Ever think about padding your resume in an effort to make yourself look more appealing to an employer, potential clients, or the public? Two recent cases make clear that you might want to think again.
Scott Thompson, Yahoo’s new CEO (whose tenure began in January), is under fire for inflating his resume. According to CNNMoney:
“In a series of published biographical statements stretching back for years — including his bio on Yahoo’s website — Thompson has said that he "holds a Bachelor’s degree in accounting and computer science" from Stonehill College….But his degree is actually only in accounting.”
In fact, Stonehill College didn’t even issue computer science degrees until years after he graduated.
Yahoo initially defended Thompson, saying his false statements—which he also made to the Securities and Exchange Commission—”in no way alters that fact that Mr. Thompson is a highly qualified executive with a successful track record leading large consumer technology companies."
But CNN Money is now reporting that Yahoo is seemingly changing course:
“Yahoo’s board said also Tuesday that it has hired an outside counsel to conduct a review of the false statement. It appointed the company’s three independent directors to oversee the investigation.”
Mr. Thompson also issued a statement earlier this week, in which he said:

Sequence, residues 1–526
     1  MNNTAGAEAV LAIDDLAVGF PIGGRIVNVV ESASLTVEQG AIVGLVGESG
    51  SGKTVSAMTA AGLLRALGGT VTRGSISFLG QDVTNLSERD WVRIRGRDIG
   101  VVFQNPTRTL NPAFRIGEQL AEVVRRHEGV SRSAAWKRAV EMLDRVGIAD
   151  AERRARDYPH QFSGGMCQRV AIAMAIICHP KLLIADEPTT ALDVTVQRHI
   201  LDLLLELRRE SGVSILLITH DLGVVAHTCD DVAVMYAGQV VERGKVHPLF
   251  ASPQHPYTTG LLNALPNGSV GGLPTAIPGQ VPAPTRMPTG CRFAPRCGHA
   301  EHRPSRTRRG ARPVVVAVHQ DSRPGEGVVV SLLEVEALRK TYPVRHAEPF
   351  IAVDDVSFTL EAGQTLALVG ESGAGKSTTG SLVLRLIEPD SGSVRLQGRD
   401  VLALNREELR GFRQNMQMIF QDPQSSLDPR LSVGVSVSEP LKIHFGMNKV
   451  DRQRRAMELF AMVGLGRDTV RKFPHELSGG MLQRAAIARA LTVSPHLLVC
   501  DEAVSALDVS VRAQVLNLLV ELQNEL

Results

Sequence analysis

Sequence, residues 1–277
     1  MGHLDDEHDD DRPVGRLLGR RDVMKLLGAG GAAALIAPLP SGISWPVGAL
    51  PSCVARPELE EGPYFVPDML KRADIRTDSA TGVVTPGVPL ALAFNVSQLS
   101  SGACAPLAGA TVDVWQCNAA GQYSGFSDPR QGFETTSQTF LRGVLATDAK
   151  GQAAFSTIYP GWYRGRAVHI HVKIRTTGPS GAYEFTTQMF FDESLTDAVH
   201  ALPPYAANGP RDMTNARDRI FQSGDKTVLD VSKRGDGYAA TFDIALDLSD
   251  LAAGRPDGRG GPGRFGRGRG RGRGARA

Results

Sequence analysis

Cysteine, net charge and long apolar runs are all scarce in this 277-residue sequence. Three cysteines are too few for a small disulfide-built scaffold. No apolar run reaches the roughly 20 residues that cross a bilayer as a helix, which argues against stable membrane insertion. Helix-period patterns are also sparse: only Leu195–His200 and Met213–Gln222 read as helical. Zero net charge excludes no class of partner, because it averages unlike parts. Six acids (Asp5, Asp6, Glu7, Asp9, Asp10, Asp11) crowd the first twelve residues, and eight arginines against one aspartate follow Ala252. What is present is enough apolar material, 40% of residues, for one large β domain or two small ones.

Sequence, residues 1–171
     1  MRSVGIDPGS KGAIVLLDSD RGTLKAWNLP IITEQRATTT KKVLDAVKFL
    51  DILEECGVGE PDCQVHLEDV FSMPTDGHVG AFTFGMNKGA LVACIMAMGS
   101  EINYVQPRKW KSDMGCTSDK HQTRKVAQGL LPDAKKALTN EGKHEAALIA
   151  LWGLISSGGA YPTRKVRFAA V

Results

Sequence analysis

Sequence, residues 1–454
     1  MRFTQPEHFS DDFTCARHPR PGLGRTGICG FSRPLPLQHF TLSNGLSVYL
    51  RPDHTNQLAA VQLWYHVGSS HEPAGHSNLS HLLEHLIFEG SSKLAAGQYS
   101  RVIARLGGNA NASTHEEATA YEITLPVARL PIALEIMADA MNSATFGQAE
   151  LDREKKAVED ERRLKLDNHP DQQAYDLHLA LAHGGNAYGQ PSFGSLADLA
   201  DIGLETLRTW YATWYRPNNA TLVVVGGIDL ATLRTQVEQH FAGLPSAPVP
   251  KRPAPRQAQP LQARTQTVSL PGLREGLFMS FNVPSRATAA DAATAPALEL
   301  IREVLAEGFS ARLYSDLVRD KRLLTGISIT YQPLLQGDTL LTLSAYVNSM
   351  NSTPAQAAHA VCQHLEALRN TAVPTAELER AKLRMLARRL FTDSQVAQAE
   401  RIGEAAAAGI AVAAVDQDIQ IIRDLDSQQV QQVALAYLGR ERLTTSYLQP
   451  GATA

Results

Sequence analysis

"I want you to know how deeply I regret how this issue has affected the company and all of you," Thompson said in a memo obtained by CNN. "We have all been working very hard to move the company forward, and this has had the opposite effect. For that, I take full responsibility, and I want to apologize to you."
That’s not exactly a full apology. It’s filled with distancing third person language, and fails to take full personal responsibility. For Mr. Thompson, I’m afraid this is a disqualifying event. A leader of a company that expects employees to act with integrity can’t lie to advance his own career and expect his employees to act differently. I suspect the Yahoo board will reach the same conclusion.
The second case of resume inflation belongs to conservative writer Jonah Goldberg, whose new book jacket (and National Review bio) claims he was “twice nominated for a Pulitzer Prize.” He wasn’t.
Someone paid $50 to submit his work to the Pulitzer board for consideration, but they didn’t nominate him. Given that anyone can send them $50 and claim a “nomination,” his claim is far-fetched. But Goldberg acted quickly to correct the error and blamed a third party for the error. I suspect his “crisis” will die down quickly.
What You Should Do Now
Look at your resume or online bio. If anything is exaggerated or could be subject to misinterpretation, change it. Before writing this post, I did the same thing and made two changes. The original versions of both lines were true, but I decided to err on the side of caution and tweak a few words to remove any ambiguity.
I’d encourage you to go through the same exercise of viewing your resume as your worst critics might, and to make any necessary changes.
UPDATE: Sunday, May 13, 2012, 8:00pm: Scott Thompson has left Yahoo for “personal reasons.” It appears clear that he was unable to survive this scandal, and that it was creating too much of a distraction for Yahoo.